Ultima Thule

In ancient times the northernmost region of the habitable world - hence, any distant, unknown or mysterious land.

Thursday, May 04, 2006

Myanmar's junta goes for the kill

By Aussiegirl

Burma a.k.a. Myanmar isn't in the news much, but that hasn't stopped the bad guys from making trouble. By the way, if you've never seen the movie Beyond Rangoon, you should. It's a very moving story that takes place in Burma, with the junta already in power, and the opposition forces trying to oust it. (Here's the Imdb link to the movie.)

Asia Times Online :: Southeast Asia news and business from Indonesia, Philippines, Thailand, Malaysia and Vietnam

By Larry Jagan

BANGKOK - Myanmar's military rulers have launched a major new crackdown on the country's main opposition National League for Democracy (NLD) party, fueling widespread speculation that the hardline State Peace and Development Council (SPDC) intends to eliminate its harassed and beleaguered rival completely within the next 12 months.

According to Burmese-language notes from a January meeting between Myanmar's police chief Major-General Khin Yi and top commanders across the country reviewed by Asia Times Online, the national police corps was specifically instructed to undermine the NLD using stealth and intelligence rather than their traditional use of brute force. [....]

In the past, Myanmar's police have been accused of planting drugs, especially heroin, on young activists and students, then arresting them and sentencing them to several years of imprisonment. These tactics are being complemented with a more subtle strategy aimed at crippling the NLD's ability to operate and recruit, according to the recent police meeting notes. [....]

Myanmar-watchers contend that the junta's long-term aim is to marginalize charismatic opposition leader Aung San Suu Kyi, who is currently under house arrest, and move to eliminate her party as part of its so-called "national reconciliation" process. To some degree, the junta has successfully portrayed Suu Kyi, a winner of the Nobel Peace Prize for her non-violent approach to political confrontation, as part of the problem because of her unwillingness to compromise in some diplomatic quarters. [....]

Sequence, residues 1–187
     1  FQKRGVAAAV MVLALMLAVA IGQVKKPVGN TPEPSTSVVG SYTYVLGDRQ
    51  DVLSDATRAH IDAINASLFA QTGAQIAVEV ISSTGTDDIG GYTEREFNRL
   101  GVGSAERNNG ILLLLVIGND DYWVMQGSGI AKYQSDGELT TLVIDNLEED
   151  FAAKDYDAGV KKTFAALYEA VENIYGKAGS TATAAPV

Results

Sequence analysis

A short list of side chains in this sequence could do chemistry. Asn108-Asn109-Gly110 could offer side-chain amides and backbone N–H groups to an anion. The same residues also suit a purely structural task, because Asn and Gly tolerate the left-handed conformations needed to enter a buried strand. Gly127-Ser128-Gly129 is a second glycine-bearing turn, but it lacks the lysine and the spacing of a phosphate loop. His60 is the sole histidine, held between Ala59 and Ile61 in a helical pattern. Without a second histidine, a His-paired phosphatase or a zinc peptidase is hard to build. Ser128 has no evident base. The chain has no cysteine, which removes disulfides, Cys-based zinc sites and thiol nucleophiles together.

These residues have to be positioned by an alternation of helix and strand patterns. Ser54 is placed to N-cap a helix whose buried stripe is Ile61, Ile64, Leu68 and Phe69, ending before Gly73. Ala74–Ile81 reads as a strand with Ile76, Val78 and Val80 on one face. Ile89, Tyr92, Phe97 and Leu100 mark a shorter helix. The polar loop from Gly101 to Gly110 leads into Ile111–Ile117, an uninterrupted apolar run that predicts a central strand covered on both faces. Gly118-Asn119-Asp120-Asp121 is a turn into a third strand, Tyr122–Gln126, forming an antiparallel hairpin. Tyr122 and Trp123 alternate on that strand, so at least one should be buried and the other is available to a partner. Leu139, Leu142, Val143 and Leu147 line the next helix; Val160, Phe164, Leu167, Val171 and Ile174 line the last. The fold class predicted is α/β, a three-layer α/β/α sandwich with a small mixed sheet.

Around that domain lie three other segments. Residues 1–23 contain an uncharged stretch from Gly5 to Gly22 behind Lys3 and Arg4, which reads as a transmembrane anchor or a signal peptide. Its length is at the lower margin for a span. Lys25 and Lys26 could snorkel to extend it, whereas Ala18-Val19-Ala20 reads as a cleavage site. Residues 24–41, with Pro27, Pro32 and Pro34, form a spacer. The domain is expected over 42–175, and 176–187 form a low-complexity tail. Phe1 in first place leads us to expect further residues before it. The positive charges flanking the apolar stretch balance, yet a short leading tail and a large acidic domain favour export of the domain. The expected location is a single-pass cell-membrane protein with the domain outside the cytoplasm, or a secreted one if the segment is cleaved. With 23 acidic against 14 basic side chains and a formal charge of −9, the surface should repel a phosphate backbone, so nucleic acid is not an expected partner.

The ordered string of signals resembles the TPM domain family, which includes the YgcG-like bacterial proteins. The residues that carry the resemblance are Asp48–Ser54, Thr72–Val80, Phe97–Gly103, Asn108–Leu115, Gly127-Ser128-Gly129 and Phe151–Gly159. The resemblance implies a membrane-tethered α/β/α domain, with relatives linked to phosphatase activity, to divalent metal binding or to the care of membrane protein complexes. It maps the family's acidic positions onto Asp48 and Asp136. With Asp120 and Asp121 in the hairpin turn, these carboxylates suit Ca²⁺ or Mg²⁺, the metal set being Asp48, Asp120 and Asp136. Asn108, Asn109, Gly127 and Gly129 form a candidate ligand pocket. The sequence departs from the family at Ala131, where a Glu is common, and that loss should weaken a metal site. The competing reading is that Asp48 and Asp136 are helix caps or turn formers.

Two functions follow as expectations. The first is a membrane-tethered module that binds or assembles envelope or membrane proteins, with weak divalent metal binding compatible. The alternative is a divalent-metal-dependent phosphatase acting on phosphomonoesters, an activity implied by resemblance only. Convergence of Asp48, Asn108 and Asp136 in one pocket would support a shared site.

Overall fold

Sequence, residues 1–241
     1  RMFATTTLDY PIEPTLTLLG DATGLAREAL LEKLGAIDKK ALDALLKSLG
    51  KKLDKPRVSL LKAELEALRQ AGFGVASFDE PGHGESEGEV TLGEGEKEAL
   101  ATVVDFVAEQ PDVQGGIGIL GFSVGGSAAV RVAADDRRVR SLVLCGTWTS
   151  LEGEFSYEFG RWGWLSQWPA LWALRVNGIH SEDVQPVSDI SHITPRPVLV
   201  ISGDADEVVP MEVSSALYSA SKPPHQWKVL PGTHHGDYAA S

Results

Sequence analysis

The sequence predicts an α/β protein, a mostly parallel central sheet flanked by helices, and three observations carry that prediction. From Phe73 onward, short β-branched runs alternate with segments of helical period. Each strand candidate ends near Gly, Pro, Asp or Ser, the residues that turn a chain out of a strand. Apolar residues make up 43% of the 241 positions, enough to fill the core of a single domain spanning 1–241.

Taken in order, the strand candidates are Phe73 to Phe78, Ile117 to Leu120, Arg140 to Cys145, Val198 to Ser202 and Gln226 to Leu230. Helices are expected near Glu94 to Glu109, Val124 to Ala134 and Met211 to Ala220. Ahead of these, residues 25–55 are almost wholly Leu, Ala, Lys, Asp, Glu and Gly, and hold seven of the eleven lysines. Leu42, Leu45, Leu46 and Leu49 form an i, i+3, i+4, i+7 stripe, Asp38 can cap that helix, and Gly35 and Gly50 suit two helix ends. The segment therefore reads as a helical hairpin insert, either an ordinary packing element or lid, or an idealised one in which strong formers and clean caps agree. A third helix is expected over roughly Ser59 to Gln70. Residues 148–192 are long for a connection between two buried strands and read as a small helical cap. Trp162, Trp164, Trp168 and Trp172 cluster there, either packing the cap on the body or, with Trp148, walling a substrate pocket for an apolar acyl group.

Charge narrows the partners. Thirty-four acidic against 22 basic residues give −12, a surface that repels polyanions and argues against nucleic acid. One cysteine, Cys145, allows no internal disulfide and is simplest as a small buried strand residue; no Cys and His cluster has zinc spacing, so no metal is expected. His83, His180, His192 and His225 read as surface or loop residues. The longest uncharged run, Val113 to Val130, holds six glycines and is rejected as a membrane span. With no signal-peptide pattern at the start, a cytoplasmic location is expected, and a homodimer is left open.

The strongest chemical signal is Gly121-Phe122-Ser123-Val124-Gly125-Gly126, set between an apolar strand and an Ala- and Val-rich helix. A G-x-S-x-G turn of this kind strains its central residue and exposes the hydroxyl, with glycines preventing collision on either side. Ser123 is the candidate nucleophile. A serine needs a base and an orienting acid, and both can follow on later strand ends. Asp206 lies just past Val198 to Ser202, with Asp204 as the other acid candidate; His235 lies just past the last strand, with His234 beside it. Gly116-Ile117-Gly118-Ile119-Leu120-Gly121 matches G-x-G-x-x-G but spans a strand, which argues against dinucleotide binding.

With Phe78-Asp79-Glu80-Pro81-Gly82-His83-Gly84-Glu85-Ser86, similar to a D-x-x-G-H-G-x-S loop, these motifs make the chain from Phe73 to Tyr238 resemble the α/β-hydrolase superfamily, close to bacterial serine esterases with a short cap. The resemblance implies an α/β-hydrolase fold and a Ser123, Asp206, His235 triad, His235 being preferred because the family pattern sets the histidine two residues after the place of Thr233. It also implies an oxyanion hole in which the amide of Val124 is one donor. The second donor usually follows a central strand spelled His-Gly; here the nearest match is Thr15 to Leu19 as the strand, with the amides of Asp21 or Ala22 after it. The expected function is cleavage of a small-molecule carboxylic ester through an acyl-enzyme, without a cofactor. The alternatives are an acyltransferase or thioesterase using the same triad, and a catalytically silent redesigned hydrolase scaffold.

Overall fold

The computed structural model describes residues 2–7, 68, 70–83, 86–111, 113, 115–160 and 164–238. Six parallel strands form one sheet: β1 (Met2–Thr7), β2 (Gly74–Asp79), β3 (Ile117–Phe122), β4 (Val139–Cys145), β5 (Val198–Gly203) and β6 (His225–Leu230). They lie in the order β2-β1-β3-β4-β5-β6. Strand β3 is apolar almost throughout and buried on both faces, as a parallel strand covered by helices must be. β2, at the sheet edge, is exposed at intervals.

That hard-knocks plan was hatched soon after the savage May 2003 attack on Suu Kyi's traveling caravan, where USDA thugs killed scores, if not hundreds, of her supporters. The NLD leader had been traveling in the northern region of the country to reinvigorate her party, and massive crowds had gathered to hear her speak.

Aung Lynn Htut, Myanmar's ambassador to Washington, defected to the US this year. He has since spoken out about Than Shwe's plan to obliterate the NLD by the end of the year. After his defection, the former top SPDC diplomat told opposition scholars based in the United States and the United Kingdom that he had received reliable information that the junta had ordered the "routing" of NLD members and their families. [....]

For the international community, any attempt to de-register and abolish the NLD would be widely condemned, even by the SPDC's erstwhile allies in China and Thailand. The SPDC's recent statements insisting that the NLD and Suu Kyi were irrelevant to the country's political future have gone over like a lead balloon inside the 10-member ASEAN.

More important, among Myanmar's people, judging by the increasingly disfranchised chatter of its population, the battered and bruised NLD remains the country's only legitimate political entity and real hope for democratic change. As the SPDC moves to eliminate the NLD forcibly, the ruling junta could cause itself more problems than it solves.


Post a Comment

<< Home